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The February 26th Incident
A window on the samurai soul
It is sometimes puzzling to the casual observer how very caustic the attitudes of the samurai leadership of Japan were before 1945. Most non-Japanese would meet the February 26th Incident with either blank stares or some attempts at putting the event on some bridge in China or a railway in Manchuria. Though these events distantly related, they are not, ultimately, what happened on 26 February 1936.
Everything not nice is called an “incident” in Japan.
Culturally, the Japanese don’t like to speak of unpleasant things, so the Imperial Japanese Army (IJA) mutiny that started on 26 February 1936, the bombing of the Mukden railway in 1931 used as an excuse to take over Manchuria, and the 1937 firefight on the Marco Polo Bridge that started the war with China were all called “incidents.”
Pearl Harbor would have been an “incident” if the Americans had behaved as planned.
On 26 February 1936, a faction of the IJA attempted to eliminate their rivals in the military and the government. The faction was called the Kokutai Genri-ha (Kodo-ha for short), also called the "Righteous Army," "national principle," or the Imperial Way. It comprised primarily company grade and junior field grade officers (lieutenants through lieutenant-colonels) convinced that Japan had strayed from the traditions of the Meiji Restoration of 1876. They wanted the Emperor to return to direct rule, instead of governing through a constitution or a parliament—political government. This would restore national prosperity, return Japan to its rightful and natural place in the world's scheme, and enable Japan to purge itself of all evil western influences, like politicians.
It was easy for the rest of the IJA to oppose this movement.
The Kodo-Ha opposed "western influences," even those that enabled Japan to even get a seat at the table of negotiations with the United States and Great Britain were on the list of "evil" that the faction decried. Like many radical movements, parts of it simply made little sense. But others, like ensuring the Emperor's peace of mind, carried the seeds of samurai arrogance that wished to spread beyond the bounds of the Home Islands. Opposing this movement was the Tōseiha or Control Faction of moderate officers who included Tojo Hideki and several other future leaders during WWII.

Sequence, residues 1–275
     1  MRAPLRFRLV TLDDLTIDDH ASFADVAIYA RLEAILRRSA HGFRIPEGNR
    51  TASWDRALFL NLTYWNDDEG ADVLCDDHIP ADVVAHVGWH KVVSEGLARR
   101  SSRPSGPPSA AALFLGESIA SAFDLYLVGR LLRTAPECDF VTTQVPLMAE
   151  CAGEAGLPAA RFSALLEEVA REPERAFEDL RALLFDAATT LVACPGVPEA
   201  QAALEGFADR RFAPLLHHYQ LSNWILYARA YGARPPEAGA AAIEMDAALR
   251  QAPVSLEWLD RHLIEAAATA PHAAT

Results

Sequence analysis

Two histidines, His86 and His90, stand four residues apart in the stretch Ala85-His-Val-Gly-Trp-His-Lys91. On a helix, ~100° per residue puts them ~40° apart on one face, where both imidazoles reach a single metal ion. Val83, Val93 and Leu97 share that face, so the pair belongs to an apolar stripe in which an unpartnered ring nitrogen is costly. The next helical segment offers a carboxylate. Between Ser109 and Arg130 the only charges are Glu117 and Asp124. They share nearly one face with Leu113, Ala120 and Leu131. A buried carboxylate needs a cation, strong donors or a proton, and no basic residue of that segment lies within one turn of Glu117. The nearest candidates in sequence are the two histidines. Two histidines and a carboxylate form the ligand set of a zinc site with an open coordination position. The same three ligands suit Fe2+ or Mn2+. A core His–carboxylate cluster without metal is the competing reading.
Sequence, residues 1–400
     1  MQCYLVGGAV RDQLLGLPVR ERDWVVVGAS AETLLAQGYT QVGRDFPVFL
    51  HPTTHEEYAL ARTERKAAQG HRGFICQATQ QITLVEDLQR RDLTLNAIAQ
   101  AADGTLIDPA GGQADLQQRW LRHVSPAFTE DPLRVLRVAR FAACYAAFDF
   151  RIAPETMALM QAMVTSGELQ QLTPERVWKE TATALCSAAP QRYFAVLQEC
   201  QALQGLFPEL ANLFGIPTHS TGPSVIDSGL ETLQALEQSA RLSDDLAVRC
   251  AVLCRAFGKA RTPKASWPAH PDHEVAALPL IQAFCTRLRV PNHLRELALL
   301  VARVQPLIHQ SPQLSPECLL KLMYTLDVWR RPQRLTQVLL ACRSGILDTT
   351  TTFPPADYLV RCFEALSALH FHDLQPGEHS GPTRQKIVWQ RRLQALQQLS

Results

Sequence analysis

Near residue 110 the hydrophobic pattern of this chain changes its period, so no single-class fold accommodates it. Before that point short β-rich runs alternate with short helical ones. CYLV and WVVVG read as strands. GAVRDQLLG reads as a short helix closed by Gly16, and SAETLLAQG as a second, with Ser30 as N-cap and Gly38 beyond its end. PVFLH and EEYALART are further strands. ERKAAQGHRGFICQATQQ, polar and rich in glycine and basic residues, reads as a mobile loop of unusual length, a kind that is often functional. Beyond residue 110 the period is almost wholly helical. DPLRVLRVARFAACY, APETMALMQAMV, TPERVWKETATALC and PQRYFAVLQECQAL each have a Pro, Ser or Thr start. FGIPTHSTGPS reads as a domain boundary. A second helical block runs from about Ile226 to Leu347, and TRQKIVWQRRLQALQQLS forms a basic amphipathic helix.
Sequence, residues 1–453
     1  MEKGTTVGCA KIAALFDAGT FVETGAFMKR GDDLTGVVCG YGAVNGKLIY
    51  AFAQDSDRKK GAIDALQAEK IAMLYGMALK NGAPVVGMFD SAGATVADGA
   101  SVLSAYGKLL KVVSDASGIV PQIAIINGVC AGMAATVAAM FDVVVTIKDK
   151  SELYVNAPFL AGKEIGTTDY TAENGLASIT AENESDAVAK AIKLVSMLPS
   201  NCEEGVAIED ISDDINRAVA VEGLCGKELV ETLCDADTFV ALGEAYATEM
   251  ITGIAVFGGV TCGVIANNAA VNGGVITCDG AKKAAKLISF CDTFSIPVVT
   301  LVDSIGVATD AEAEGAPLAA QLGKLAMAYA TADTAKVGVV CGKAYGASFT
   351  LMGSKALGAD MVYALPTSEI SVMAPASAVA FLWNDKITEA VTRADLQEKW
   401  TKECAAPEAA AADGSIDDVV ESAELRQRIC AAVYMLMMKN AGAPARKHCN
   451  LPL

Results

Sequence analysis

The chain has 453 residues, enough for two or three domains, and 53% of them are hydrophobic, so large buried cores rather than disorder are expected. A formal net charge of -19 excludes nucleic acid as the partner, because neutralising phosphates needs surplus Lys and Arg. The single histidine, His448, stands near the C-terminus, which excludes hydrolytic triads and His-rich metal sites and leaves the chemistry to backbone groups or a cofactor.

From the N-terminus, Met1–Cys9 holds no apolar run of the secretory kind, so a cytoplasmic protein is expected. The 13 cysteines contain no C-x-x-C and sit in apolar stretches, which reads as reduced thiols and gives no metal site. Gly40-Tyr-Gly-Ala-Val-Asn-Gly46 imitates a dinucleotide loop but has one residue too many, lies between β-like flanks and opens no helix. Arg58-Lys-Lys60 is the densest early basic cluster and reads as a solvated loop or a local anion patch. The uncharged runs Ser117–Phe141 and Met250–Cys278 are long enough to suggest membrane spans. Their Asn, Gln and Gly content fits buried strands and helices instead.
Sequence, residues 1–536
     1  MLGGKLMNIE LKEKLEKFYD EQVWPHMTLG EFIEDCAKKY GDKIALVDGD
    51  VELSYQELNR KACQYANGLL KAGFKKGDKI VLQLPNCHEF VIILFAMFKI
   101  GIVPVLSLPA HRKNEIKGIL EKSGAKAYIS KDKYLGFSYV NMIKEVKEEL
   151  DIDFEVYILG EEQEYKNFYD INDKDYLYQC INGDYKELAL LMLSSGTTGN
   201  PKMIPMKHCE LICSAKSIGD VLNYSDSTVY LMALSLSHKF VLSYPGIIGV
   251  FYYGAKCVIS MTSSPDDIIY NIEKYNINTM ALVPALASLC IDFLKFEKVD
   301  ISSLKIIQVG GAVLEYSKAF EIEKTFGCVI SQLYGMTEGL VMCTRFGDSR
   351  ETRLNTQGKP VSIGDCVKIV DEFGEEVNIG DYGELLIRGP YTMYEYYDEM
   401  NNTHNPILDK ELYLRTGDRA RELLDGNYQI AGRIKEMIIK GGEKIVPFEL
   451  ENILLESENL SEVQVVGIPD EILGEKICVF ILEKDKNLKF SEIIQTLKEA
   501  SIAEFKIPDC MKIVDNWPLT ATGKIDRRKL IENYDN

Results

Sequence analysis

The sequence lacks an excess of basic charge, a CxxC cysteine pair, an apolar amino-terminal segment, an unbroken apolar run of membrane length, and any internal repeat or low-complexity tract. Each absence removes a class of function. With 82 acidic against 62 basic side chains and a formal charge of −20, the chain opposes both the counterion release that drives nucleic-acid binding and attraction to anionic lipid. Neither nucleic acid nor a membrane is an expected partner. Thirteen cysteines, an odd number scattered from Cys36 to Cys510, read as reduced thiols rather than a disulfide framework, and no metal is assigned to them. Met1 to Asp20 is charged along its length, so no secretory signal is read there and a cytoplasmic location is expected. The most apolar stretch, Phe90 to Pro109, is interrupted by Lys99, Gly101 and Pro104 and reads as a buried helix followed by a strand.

Kodo-Ha was primarily responsible for the Manchurian Incident in 1932.
The attempted 26 February coup failed after four days of tension and violence, but not before the murder of two former prime ministers, Takahashi Korekiyo and Saitō Makoto, and several others. The secret trials afterwards took eighteen months. After them, the courts executed nineteen of the conspirators. But rather than have any thought of the extinguishing of a Showa Restoration, the quashed-but-remembered movement became what could be called today a meme, if a false one.
And, exhausted, Japan gave in to the military.
The politicians and most others were simply weary of the killings and the rhetoric of the Kodo-Ha and let the samurai—”militarists” to the west—have their way and run Japanese affairs…like the Constitution allowed them to do. The IJA and the IJN would use the “Emperor’s peace of mind” to justify everything they did, right up to 1945. Every attack, every invasion, every annexation was in the name of, and for the wellbeing of, the Emperor. Unfortunately, The Showa Emperor Hirohito was more than willing to go along with whatever they wanted, aware that there was not a lot he could do to stop it. If provoked, the samurai leadership would be perfectly willing to either assassinate or imprison him (they certainly were not above it), name his young son emperor and place some general in place as regent (as had happened to his father, the Taisho). It would be 1945, under the direct threat of invasion of the Home Islands, before the Showa would cast caution aside and stop the militarists/samurai by withdrawing his support for their actions.
In our book, my co-author and I make short shrift of the February 26th “Incident,” but its effects were writ large in the rest of Japan’s history.
After decades of struggle with the civil government, the military finally triumphed, imposing control on much of Japanese society from that date on…until 14 August 1945. It’s cheap on Amazon now, but if you get it from me, it’s autographed.
A History of Time
A What of What?
On 25 February:
1890: Vyacheslav Mikhaylovich Skryabin, AKA Vyacheslav Molotov, was born in Kurkaka, Russia. He took the name “Molotov,” derived from the Russian for “sledgehammer” because it sounded proletarian. Today his name is best known for a gasoline bomb, but he also served the Bolsheviks and the Soviet Union for most of its—and all of his—life.
1956: In his speech On the Cult of Personality and Its Consequences, Nikita Khrushchev denounced Stalin as a “degenerate.” By that time, nearly everyone had denounced some part of Stalin’s brutal regime, even Molotov. Khrushchev was just the first major figure to do so in public.
And finally, today is NATIONAL CHOCOLATE COVERED NUT DAY. When I could eat either chocolate or nuts, I never cared for the combination…but hey, different strokes…